I am pleased to announce that our next Mind & Language symposium is on Wayne Wu’s “Against Division: Consciousness, Information and the Visual Streams,” from the journal’s September 2014 issue, with commentaries by David Kaplan (Macquarie), Pete Mandik (William Paterson), and Thomas Schenk (Erlangen-Nuremberg).
According to the influential dual systems model of visual processing (Milner & Goodale 1995/2006, Goodale & Milner 2004), information present in the dorsal processing stream does not contribute to the specific contents of conscious visual experience. “Visual phenomenology,” A.D. Milner and Melvyn Goodale write, “can arise only from processing in the ventral stream, processing that we have linked with recognition and perception…. Visual-processing modules in the dorsal stream, despite the complex computations demanded by their role in the control of action, are not normally available to awareness” (Milner & Goodale 1995/2006, 202). In his article, Wayne argues that certain types of information arising in the dorsal stream, contrary to Milner and Goodale, do play a role in realizing the contents of visual experience. In particular, he argues that information carried in dorsal stream areas such as VIP and LIP support awareness of visual spatial constancy across saccadic eye-movements. Wayne also adduces evidence that dorsal stream areas play a role in conscious visual motion and depth perception.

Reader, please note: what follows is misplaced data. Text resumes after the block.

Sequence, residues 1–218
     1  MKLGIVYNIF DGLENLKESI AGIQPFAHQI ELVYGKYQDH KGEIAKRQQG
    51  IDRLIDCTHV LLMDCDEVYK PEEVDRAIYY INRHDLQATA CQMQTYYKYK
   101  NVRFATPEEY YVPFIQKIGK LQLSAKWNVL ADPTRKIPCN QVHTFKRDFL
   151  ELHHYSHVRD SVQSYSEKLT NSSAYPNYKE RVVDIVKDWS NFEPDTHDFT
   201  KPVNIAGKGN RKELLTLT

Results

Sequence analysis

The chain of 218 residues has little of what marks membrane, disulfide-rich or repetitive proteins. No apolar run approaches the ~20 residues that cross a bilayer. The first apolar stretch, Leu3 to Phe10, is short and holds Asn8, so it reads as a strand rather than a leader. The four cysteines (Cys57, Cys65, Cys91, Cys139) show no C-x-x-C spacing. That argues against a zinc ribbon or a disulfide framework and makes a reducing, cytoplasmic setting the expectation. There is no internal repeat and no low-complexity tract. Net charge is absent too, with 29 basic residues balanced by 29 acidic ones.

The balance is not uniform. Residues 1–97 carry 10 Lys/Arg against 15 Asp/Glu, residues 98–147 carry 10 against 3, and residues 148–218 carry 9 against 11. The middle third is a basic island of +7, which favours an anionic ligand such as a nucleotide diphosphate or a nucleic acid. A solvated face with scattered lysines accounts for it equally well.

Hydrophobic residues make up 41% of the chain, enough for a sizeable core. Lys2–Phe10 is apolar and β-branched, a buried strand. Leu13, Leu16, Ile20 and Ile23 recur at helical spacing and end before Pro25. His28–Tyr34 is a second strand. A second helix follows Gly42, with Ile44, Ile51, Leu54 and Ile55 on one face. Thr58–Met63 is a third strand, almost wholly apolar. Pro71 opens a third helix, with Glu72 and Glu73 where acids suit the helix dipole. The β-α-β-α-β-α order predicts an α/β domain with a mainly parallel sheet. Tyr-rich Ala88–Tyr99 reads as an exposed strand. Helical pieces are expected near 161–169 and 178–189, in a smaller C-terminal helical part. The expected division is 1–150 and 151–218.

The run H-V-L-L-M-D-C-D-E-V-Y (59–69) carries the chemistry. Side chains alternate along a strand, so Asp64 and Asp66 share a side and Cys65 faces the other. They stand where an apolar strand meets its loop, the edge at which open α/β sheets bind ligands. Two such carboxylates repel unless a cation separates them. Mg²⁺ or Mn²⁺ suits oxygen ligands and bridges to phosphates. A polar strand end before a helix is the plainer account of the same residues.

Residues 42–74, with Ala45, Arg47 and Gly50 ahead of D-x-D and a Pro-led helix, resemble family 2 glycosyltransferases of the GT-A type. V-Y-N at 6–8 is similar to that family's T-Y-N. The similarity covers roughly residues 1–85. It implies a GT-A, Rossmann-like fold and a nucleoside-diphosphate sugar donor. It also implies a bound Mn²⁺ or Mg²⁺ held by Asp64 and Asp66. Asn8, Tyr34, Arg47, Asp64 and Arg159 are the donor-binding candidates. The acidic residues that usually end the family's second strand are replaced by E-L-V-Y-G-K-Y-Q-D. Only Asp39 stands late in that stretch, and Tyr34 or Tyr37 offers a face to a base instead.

Below there are links to a short précis, the target article, commentaries, and Wayne’s replies.
Comments on this post will be open for at least a couple of weeks. Many thanks to Wayne, David, Pete, and Thomas for what is sure to be a great discussion. Thanks also to Sam Guttenplan, the other Minds & Language editors, and the staff at Wiley-Blackwell for their continued support of these symposia.
You can learn more about Wayne and his work here.
Wayne Wu, Précis of the target article
- David Kaplan, “Can neuronal reference frames really explain features of conscious visual experience?”
- Pete Mandik, “What’s it like when your eyes move?”
- Thomas Schenk, “Can visual stability resolve the division between ventral and dorsal streams?”